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Ways to Make Mom Friends

10 Rules For Picking Up New Mom Friends at the Playground

I know — you thought you were done dating. Whether you're happily partnered or just focused on your kid, you probably thought your dating days were long over, or, at the very least, on hold. No, sorry, the dating game starts all over once you and your baby are ready to go outside.

You need mom friends if you even want to have a chance at making it. No one should go into battle alone, and raising a kid is a team sport. I know, so many metaphors, but the point is that you need company. Toddlers are pack animals, and they were not meant to be raised one-to-one. Back in the day, women lived with their extended families, and aunts, grandmothers, and sisters worked together to make parenting palatable, possible, and, dare we say, more fun. (Think one woman does laundry while another cooks and another sits and relaxes while the children entertain each other!)

Assuming you don't live in a home with all your relatives, here are some tips for picking up the members of the village it takes to raise a kid. (Disclaimer: these ideas are NOT AT ALL SKETCHY OR CREEPY. Mom dating requires breaking all the rules you'd employ for regular dating.)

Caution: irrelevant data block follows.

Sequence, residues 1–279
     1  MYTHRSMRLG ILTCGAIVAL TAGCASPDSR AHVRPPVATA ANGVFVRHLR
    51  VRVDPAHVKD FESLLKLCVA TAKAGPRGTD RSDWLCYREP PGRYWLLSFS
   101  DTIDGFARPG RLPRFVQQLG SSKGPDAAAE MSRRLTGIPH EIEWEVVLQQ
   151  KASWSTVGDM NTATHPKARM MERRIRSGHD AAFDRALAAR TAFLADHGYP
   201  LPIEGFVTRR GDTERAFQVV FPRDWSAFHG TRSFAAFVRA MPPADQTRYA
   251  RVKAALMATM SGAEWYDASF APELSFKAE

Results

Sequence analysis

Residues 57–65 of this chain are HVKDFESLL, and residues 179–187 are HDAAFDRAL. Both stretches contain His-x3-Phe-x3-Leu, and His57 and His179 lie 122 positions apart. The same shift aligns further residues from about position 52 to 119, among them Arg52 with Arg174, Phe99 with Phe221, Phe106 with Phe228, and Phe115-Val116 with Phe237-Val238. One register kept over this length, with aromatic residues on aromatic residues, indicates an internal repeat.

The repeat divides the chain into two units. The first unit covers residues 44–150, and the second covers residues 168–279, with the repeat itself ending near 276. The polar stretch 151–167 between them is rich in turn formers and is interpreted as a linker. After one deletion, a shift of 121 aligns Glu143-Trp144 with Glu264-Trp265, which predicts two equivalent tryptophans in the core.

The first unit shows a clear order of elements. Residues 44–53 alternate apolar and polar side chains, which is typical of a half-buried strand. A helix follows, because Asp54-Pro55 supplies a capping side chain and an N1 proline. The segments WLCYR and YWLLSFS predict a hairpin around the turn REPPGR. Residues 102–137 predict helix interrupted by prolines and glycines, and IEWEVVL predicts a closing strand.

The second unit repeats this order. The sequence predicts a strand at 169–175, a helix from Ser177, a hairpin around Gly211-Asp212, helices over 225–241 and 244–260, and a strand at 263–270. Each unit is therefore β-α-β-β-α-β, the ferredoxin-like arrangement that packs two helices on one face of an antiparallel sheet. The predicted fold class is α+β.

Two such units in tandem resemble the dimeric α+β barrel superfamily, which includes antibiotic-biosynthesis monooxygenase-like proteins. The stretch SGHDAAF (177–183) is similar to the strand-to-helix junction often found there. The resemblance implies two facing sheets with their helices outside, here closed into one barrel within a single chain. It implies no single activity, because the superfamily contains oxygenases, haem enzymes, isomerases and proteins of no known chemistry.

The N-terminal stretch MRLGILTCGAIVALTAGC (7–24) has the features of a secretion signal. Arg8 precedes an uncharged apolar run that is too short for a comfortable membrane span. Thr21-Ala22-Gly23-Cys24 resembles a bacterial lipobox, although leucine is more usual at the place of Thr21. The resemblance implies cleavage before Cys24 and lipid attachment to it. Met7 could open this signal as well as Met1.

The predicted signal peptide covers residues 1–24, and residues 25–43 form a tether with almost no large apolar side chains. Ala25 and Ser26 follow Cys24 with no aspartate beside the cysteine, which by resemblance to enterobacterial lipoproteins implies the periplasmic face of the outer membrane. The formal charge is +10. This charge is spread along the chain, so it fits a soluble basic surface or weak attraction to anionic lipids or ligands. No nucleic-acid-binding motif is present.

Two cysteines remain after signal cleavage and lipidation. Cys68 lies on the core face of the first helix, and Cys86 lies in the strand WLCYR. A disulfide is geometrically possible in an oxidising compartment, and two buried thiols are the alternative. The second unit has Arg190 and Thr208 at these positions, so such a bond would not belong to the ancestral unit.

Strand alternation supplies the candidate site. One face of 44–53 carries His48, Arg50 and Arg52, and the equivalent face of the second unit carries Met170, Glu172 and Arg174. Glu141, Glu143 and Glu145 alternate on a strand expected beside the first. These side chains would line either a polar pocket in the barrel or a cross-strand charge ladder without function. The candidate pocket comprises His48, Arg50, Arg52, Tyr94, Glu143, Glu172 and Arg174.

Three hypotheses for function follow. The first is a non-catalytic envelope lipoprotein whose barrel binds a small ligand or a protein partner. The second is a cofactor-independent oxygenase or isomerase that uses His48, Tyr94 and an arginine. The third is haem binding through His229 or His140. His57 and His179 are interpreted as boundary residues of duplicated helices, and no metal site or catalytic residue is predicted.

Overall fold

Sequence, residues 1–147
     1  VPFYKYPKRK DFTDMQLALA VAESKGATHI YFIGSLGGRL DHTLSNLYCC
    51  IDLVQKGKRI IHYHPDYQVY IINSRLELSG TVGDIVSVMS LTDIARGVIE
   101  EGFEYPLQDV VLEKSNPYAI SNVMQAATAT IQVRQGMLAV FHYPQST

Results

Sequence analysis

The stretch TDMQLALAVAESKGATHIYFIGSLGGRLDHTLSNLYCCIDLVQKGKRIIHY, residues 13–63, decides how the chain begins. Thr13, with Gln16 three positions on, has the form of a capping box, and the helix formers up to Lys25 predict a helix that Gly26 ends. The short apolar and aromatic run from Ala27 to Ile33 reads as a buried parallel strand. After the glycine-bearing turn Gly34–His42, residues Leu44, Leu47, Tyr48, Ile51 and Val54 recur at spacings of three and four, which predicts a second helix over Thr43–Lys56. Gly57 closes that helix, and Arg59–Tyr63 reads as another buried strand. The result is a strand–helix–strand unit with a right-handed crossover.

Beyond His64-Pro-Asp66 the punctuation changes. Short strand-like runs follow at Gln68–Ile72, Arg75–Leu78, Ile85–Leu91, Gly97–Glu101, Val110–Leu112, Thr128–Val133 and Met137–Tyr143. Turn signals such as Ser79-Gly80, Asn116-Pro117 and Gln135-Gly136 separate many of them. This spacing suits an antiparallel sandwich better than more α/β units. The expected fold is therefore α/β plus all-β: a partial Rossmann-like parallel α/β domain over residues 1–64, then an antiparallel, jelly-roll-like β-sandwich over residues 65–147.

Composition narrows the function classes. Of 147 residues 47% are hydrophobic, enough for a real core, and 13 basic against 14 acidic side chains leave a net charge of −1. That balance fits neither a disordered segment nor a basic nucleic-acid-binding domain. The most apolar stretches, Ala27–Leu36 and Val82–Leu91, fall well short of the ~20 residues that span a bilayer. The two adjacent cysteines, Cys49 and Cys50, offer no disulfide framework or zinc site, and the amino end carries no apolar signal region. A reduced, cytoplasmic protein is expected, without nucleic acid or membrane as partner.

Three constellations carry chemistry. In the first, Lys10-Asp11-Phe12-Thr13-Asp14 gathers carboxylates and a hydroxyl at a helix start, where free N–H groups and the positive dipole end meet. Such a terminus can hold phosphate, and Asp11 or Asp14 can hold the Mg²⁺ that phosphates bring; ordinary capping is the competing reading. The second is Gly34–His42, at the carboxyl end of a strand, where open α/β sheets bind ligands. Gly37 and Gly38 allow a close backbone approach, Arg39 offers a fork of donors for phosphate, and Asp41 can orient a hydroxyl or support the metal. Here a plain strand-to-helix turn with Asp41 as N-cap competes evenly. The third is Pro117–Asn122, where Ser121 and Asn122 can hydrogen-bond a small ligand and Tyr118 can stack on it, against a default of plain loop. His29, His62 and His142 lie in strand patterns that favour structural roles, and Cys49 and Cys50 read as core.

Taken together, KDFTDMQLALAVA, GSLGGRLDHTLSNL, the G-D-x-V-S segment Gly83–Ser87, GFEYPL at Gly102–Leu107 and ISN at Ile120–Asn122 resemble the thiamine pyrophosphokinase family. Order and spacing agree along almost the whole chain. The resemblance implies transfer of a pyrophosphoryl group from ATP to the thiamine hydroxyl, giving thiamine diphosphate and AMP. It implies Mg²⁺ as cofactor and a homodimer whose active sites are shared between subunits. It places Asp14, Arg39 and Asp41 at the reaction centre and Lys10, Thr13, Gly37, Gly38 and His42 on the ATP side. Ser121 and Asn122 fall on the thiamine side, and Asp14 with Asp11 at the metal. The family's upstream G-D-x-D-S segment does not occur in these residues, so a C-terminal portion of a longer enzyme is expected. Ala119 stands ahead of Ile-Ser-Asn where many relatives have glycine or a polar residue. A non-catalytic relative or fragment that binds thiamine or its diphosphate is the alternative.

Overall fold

1. Make assumptions

See a nice-looking woman breastfeeding a baby on a park bench? Let's assume she's the mom. Let's assume she's also struggling in some way, because, come on, aren't we all, and let's assume she needs a friend. Go up and say something (without making her uncomfortable in her vulnerable moment, of course)!

2. Listen in on other people's conversations at coffee shops

It doesn't make you a stalker. Necessarily. Back when my first baby was a few months old, I was at my favorite local coffee shop and I was struggling to breastfeed, as per usual, when I heard a nice woman (with a stroller) one table over talking to someone else about how awesome her doula was. I walked over, and inserted myself into the conversation. Turns out we used the same doula and our kids were a few weeks apart. Cut to a month later and we were besties. Still are.

Lesson learned: don't be shy. You never know!

3. Overshare

Once you get a good conversation going with a fellow new mom, you can feel free to share your birth story if it comes up. Complain about sleep deprivation. Compare breast pump techniques. Coo about how adorable both of your babies are. You know, say the things you're not going to say back at the office to Randy from marketing.

4. Ask awkward questions

Not just any awkward questions, of course, but don't be afraid to talk about things you might usually not broach with strangers. For example, with a regular stranger at a work function, you might not bring up her boobs. With a new mom who you've seen nursing her baby at mommy-and-me yoga, feel free to ask how breastfeeding is going. In this case, it's actually polite. Even if you feel weird, she might be glad you're giving her a chance to talk about something she's dealing with or something she's proud of.

5. Don't be afraid of rejection